Vimentin is the main intermediate filament in mesenchymal calls and it not expressed in normal epithelial cells (Satelli and Li, 2011; Kidd et al., 2014). It is largely associated with an invasive phenotype in tumors and is believed to be in part regulated by β-catenin (Chaw et al., 2012). Matrix metalloproteinases (MMPs) play an important role in tumor invasiveness and vary in expression in different cancer types (Kessenbrock et al., 2010). The roles of MMPs include effects on cell apoptosis, growth signals, migration, and extracellular matrix regulation and even tumor vasculature (Kessenbrock et al., 2010). MMP7 is increased in many malignant cancer types and is secreted specifically from epithelial cells (Basu et al., 2015). The MMPs 2 and 9 correlate with increased metastatic potential and are found at higher levels in OSCCs (Hong et al., 2000).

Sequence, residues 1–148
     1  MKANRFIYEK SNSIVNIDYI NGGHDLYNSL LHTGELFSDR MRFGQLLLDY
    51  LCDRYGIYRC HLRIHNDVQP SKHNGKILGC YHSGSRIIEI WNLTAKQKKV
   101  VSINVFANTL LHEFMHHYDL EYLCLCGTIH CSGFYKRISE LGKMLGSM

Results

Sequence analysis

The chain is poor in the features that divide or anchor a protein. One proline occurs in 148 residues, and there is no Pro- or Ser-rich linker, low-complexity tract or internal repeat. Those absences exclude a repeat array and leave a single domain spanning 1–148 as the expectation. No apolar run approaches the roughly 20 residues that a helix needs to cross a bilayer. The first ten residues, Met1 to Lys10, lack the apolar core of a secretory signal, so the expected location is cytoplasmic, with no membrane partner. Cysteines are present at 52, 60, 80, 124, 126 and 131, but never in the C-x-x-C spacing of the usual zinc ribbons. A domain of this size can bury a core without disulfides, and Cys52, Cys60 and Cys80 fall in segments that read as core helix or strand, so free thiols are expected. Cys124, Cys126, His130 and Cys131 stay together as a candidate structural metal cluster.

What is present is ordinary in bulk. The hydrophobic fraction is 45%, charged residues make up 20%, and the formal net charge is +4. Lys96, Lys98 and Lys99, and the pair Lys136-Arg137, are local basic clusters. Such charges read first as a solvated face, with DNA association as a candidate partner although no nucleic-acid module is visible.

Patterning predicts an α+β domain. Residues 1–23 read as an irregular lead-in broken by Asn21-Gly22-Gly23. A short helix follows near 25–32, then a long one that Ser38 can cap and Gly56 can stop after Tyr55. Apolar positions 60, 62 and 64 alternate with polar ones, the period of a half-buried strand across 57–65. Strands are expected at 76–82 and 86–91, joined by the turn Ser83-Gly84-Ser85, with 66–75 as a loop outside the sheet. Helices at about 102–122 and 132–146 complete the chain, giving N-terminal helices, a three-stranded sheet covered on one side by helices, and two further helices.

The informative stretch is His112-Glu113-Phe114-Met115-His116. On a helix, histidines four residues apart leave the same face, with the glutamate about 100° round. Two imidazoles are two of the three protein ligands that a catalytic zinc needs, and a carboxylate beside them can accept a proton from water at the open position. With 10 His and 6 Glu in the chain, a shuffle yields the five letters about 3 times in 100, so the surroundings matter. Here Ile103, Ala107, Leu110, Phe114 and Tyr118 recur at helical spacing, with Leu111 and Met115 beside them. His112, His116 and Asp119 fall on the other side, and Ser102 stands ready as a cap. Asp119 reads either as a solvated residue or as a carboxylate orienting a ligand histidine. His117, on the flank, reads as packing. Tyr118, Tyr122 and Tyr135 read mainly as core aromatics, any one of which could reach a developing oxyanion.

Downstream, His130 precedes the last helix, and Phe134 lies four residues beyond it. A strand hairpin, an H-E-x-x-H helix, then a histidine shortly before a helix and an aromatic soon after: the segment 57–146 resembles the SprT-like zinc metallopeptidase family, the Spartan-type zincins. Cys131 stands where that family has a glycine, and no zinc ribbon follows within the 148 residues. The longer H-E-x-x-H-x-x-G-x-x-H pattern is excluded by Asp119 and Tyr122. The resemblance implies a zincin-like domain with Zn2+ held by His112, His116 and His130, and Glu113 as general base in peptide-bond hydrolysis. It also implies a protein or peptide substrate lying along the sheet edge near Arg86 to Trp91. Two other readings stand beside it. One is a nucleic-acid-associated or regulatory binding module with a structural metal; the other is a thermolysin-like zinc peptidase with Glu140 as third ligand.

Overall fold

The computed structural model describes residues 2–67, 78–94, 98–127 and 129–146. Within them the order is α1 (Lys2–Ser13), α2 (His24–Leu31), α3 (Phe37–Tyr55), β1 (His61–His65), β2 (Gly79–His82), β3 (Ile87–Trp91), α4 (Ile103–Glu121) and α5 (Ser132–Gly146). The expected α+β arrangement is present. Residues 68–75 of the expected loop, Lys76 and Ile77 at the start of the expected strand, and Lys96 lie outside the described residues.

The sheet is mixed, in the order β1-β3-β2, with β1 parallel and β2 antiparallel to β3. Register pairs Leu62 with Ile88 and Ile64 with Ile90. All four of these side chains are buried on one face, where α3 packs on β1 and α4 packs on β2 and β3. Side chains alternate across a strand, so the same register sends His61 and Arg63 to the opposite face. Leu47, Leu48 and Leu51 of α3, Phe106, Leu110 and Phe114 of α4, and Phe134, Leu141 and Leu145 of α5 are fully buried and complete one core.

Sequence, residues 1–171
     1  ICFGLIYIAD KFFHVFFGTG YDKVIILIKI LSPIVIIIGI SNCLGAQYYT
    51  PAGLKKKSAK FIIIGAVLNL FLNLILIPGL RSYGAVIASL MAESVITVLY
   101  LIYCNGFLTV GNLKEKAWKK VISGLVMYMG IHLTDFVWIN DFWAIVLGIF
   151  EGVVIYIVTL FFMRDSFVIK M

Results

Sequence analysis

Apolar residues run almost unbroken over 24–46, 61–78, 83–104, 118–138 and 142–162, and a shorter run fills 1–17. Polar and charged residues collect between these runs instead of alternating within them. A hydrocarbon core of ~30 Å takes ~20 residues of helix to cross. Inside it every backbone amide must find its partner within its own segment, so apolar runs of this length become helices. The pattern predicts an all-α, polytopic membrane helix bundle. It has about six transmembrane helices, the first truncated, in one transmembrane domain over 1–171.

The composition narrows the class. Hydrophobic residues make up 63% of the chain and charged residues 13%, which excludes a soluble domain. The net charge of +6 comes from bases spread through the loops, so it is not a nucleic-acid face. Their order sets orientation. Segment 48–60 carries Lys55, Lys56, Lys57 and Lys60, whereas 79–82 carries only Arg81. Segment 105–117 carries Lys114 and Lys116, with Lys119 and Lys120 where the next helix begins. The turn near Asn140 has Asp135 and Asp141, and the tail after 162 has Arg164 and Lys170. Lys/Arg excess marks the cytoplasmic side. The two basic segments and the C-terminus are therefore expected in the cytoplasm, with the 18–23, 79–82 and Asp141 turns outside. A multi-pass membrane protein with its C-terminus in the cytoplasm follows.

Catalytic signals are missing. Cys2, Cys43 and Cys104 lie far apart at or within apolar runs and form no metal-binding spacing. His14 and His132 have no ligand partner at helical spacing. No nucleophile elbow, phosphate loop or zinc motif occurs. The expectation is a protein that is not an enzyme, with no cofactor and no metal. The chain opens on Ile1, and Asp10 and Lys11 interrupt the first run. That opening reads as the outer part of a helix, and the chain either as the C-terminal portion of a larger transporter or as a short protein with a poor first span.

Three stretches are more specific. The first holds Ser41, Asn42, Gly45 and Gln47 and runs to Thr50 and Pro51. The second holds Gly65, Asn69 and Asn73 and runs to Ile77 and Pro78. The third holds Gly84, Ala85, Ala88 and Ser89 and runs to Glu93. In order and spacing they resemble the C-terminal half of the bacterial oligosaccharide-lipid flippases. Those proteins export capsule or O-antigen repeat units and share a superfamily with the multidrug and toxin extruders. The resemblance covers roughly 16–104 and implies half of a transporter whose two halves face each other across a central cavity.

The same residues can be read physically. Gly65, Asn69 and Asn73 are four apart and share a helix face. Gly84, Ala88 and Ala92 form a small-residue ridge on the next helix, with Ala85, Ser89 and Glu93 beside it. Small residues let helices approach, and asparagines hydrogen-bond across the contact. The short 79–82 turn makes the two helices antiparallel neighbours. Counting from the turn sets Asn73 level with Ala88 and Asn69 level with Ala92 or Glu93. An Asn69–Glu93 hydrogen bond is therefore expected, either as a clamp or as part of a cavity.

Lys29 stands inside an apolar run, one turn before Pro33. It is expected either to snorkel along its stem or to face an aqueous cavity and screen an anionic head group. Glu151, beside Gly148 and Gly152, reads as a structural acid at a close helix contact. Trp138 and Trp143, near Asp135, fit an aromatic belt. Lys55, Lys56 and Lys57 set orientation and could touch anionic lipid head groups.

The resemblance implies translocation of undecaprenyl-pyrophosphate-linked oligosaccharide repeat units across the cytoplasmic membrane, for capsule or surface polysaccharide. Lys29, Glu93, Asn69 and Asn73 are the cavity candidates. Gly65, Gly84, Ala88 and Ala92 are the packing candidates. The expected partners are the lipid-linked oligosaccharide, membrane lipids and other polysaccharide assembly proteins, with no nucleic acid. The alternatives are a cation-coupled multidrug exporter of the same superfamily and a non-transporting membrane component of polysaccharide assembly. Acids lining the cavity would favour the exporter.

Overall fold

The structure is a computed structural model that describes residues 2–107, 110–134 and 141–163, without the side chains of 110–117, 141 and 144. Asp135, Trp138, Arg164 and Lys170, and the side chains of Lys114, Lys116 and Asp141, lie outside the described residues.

In the induction of these described EMT-signaling pathways and mesenchymal phenotypic changes, microbial pathogens have been shown to play an important role as initiating factors (Atanasova and Yilmaz, 2014). For example, well-host adapted opportunistic organism, Helicobacter pylori induces EMT through MAPK/Erk-NF-kB signaling pathway and suppresses GSK3β activity by stimulating the PI3K/Akt pathway in gastric cancer (Polk and Peek, 2010; Wroblewski et al., 2010). Interestingly, it is shown that intracellular presence of H. pylori can play a vital role in the induction of gastric diseases including stomach cancer when the intracellular survival also facilitates the microorganism's persistence in the gastric mucosa (Dubois, 2007). In this study, we demonstrate that P. gingivalis, an opportunistic facultative intracellular pathogen's long-term infection in OECs strongly associates with the induction of early EMT-changes as summarized in Figure Figure8.8. It is logical to consider that the early molecular and cellular EMT events induced may originate from the sustained activation of PI3K/Akt pathway which has previously been shown to be markedly increased by P. gingivalis at 24 h post-infection in primary OECs (Yilmaz et al., 2004; Yao et al., 2010). Other studies later have shown P. gingivalis can selectively activate the PI3K/Akt pathway through either lipopolysaccharide -LPS- (Martin et al., 2003) or fimbriae (Yilmaz et al., 2002, 2004; Hajishengallis et al., 2009) acting on Toll-like receptor 2/β-integrin pathways (Hajishengallis et al., 2006).